Cyberbullying is almost always wrong — unless your target is the Islamic State in Iraq and Syria. Thanks to concentrated online efforts to suppress ISIS social media accounts and bloody real-world push toward ISIS’s stronghold in Mosul, Iraq, U.S. military researchers report that the terrorist group has been posting much, much less — which could be a sign that its brutal regime is coming to an end.

A new study published this month by the U.S. Military Academy’s Combating Terrorism Center at West Point analyzed the volume of social media and official propaganda publications coming from ISIS’s leadership, and found that the terrorist group’s output had significantly declined. According to the study, the group pushed out over 700 posts with images or media in the month of August 2015 alone — but by August of this year, that number was down to only 200.

That's a good lookin' graph for people who don't like terrorist propaganda.
That's a good lookin' graph for people who don't like terrorist propaganda. 

The big takeaway, however, is what the posts were showing. During ISIS’s lightning-fast rise to the top of every international terror watch list, the group made an impression through highly-publicized killings and glorified propaganda of martial success.

ISIS's glossy magazine Dabiq showcased the group's martial efforts.
ISIS propaganda or Battlefield 5 poster? Who knows. 

Many of the images in the group’s glossy, English-language print and online magazine Dabiq were stylized, macho depictions of ISIS fighters that looked more like video game advertisements than depictions of war. Flashy propaganda spread through Twitter like wildfire, and often helped the group lure in young supporters around the world. But as the group took over more and more physical territory, its online publications shifted to more domestic topics, projecting the image of a functioning regime.

The Combating Terrorism Center study says that more than half of the 9,000 visual media releases researchers looked at dealt with domestic topics like government, religious practices, and everyday life in the Islamic State. Fewer than 10 percent of the messages included actual violence, despite the group’s horrifying viral execution videos.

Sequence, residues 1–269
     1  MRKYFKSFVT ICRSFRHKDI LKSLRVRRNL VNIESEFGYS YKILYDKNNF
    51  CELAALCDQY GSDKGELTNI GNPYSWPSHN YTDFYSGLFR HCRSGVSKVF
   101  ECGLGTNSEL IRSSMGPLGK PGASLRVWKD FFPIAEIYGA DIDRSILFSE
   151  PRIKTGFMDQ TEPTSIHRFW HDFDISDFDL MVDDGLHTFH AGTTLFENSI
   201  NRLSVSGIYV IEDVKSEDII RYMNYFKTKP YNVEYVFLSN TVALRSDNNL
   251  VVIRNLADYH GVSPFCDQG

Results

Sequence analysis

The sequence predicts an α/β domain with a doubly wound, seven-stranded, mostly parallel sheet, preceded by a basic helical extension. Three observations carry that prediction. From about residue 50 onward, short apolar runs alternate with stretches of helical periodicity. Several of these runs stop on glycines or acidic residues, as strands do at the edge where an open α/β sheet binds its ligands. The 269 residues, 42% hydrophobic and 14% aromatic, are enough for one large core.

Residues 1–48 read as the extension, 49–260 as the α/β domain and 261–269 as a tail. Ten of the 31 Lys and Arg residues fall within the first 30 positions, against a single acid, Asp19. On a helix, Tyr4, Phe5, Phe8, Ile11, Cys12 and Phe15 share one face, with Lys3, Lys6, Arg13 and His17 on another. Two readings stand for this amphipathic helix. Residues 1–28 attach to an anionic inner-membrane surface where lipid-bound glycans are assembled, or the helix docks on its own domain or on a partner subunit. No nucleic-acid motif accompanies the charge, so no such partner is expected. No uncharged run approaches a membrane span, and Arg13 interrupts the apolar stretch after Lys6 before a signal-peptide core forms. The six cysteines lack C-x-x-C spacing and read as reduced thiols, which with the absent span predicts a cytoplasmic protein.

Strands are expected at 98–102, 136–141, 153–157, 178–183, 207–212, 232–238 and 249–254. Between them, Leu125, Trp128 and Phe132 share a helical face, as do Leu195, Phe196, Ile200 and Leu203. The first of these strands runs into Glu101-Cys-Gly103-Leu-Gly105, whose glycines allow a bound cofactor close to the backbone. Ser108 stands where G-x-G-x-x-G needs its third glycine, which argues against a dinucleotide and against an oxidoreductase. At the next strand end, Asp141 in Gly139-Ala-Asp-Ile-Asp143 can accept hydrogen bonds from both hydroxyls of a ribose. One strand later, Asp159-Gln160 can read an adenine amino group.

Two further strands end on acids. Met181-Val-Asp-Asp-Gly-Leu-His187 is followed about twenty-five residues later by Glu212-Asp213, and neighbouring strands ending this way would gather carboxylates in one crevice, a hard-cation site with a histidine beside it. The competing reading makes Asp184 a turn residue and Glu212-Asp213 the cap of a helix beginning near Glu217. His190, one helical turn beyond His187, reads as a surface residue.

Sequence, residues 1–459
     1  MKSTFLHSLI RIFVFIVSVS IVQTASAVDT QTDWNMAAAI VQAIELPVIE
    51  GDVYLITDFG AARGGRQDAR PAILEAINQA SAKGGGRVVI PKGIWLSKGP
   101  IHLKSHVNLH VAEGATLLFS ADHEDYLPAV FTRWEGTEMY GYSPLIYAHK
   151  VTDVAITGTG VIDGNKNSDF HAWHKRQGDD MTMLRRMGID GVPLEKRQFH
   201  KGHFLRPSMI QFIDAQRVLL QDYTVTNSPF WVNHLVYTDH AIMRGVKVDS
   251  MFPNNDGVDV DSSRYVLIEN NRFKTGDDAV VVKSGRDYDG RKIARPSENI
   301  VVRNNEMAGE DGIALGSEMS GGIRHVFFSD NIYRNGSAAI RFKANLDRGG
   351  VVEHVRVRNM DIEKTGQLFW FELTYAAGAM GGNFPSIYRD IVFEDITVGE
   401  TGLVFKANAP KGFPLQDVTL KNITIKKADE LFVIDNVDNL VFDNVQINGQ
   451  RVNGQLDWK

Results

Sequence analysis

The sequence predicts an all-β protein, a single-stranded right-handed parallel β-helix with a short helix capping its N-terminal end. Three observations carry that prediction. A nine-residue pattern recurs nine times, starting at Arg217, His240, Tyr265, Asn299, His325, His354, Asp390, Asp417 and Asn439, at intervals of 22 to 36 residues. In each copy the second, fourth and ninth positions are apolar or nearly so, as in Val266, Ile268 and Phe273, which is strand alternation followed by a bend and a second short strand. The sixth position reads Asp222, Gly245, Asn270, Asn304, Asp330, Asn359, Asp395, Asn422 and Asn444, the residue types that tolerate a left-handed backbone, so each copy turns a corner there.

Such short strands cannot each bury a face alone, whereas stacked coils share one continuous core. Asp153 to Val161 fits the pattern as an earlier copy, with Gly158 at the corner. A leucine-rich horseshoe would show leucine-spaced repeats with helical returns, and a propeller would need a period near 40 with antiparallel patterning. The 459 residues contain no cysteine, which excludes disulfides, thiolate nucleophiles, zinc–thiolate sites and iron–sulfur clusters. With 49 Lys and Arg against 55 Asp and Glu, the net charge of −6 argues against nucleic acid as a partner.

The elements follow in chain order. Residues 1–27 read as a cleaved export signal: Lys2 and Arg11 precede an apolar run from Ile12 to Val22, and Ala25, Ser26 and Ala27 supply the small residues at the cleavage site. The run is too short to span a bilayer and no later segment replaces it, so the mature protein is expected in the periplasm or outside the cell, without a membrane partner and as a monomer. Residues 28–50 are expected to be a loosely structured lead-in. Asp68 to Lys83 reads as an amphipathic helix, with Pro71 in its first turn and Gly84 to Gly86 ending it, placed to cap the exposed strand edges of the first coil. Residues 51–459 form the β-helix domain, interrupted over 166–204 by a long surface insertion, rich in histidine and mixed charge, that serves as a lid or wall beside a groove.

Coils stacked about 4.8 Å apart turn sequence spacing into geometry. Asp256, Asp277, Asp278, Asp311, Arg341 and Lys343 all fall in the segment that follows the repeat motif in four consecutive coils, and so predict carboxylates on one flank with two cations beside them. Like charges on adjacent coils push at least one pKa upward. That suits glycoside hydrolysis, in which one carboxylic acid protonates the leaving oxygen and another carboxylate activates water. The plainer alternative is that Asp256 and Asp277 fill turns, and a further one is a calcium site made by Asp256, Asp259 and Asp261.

Inundating a captive population with propaganda is a classic tactic for keeping citizens under control, but as ISIS’s physical resources and online reach got pummeled by everyone from the U.S. Military to Twitter CEO Jack Dorsey, the group’s relentless message stalled. Still, the CTC study’s author, Daniel Milton, told Defense One that propaganda can have long lasting effects, even after a regime has been overthrown.

“The psychological effects of the group’s control over what people read, watched, and heard will likely outlast its physical control of the territory,” Milton told Defense One.

Islamic State media photos. Clockwise from top left: a mobile media van, individuals at a media station, British hostage John Cantlie broadcasting for IS, a public screening of IS propaganda.
Islamic State media photos. Clockwise from top left: a mobile media van, individuals at a media station, British hostage John Cantlie broadcasting for IS, a public screening of IS propaganda. 

But that isn’t to say that the online fight against ISIS isn’t working. Twitter may be terrible at dealing with everyday abuse, but it’s efforts to shut down ISIS are working. A George Washington University study in February showed that Twitter’s sweeping waves of suspensions had significantly affected the group’s ability to spread information on the service — enough so that many members moved to the encrypted Telegram app. Unfortunately for them, Telegram also cracked down on ISIS accounts

As for the Twitter accounts that are still up, and new ones that supporters create? Well, they have a habit of getting hacked and replaced with gay pornography, which probably isn’t in line with the Islamic State’s goals. Sometimes, “delete your account” is pretty good advice.

Photos via Combatting Terrorism Center, Intermedia Education Project, Justpaste.it